There is an interesting twist on the usual nativity litigation that comes with the season (for a prior column, click here and here). In Ohio, Jasen Dixon has been told to take down his Nativity scene. Dixon, who manages a nearby haunted house, took a unique approach to the standard Christmas display: it shows the holy family as zombies.
The display shows life-sized figures of zombies as well as a zombie baby Jesus.
Sycamore Township, outside Cincinnati, does not allow structures to be located in the front or the side yard to occupy more than 35 percent of the area. There is also a rule that a primary structure must be 3 feet from the street, and 6 feet from the house.
The regulation sets up a classic constitutional claim. Dixon is unaware of other nativity scenes being the subject of such an order. Indeed, I expect that this is a rule honored primarily in the breach and that most people have no idea of the rule and assume that they are free to use their whole yard and house for a display. If correct, this is a selective prosecution targeting an individual for the content of his display or speech.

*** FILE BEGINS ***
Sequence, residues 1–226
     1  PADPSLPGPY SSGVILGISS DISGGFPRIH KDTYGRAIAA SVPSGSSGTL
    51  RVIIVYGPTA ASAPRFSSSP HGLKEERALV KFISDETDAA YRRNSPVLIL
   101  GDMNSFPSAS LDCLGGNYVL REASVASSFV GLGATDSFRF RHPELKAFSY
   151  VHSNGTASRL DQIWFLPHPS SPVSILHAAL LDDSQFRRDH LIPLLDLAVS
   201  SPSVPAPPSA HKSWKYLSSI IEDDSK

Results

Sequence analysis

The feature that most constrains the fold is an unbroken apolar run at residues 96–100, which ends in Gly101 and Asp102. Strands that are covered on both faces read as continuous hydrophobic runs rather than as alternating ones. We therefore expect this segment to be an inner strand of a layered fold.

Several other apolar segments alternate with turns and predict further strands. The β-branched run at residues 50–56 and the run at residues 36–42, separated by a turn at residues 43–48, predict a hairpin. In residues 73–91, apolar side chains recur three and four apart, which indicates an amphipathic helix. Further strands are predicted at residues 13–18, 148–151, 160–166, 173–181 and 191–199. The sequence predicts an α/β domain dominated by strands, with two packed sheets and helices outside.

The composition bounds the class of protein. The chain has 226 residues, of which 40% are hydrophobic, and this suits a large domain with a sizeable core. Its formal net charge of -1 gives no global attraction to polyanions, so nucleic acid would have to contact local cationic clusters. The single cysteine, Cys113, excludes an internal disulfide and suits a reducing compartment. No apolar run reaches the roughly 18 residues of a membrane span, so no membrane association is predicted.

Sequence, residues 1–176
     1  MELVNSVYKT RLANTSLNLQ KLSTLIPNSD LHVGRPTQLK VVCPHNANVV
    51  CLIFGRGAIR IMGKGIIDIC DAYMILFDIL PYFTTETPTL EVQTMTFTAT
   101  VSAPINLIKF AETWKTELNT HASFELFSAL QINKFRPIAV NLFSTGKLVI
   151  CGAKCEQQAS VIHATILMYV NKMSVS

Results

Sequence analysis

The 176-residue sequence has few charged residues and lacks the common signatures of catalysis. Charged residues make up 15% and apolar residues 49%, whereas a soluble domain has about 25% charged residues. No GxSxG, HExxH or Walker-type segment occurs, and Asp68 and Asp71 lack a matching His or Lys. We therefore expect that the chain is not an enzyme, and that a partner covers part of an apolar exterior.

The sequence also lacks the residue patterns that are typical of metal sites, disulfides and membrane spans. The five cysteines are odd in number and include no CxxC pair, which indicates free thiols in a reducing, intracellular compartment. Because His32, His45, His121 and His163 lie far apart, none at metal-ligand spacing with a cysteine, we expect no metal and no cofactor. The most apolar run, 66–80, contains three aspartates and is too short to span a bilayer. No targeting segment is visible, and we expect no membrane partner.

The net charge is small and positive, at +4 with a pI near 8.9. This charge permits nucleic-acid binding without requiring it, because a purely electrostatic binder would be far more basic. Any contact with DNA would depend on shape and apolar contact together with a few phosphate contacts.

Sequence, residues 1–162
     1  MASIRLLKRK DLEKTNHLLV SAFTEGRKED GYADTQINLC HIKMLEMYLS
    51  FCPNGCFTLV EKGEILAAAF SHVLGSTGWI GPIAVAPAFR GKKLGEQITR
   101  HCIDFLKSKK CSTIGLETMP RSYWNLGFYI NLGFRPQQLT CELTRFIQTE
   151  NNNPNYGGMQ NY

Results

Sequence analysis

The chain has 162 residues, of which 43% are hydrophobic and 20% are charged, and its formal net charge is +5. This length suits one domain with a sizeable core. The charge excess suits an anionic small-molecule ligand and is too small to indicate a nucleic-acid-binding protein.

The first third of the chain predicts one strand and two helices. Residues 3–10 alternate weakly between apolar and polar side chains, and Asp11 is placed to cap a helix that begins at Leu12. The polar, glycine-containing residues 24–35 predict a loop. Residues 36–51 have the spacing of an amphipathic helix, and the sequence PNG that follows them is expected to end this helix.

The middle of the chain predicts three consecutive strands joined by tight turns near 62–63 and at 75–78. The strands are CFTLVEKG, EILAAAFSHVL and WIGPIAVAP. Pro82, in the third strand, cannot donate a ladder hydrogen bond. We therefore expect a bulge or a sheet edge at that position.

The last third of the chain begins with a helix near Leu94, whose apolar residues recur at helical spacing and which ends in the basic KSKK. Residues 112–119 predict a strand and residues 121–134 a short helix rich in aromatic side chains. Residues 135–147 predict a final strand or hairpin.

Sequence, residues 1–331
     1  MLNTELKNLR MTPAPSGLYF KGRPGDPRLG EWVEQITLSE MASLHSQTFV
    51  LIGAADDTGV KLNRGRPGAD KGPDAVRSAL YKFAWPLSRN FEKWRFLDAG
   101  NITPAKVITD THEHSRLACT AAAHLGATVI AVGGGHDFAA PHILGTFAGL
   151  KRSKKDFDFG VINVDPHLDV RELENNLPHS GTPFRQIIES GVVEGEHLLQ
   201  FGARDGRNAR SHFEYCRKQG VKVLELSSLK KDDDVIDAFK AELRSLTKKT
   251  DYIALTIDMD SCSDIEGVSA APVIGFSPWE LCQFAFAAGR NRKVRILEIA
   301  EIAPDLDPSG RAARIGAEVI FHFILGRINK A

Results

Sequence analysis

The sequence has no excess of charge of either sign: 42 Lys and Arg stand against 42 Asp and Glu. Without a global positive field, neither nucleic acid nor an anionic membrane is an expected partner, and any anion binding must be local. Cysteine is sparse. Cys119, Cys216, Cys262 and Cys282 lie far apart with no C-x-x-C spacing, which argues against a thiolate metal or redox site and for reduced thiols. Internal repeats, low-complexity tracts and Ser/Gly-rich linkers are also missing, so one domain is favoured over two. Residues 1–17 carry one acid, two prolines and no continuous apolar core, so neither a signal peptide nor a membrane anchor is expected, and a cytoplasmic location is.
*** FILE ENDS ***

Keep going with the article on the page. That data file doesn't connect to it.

He was given until today to take down the display. I would sternly caution the city to reconsider before selectively moving against Dixon unless it has a documented history of consistent enforcement. (By the way, the law is in my view highly problematic. I am not sure of the public policy reason preventing a family from using half of their yard for a religious or non-religious display. Likewise, the rule of placing the display six feet from a home seems a bit unsupportable).
I expect that Dixon might have a viable free speech claim. If forced into litigation, the city would have to show that it polices holiday displays with this same bizarre rigor in measuring the percentage and distance issues. If so, the city clearly has more time and resources than most in this country.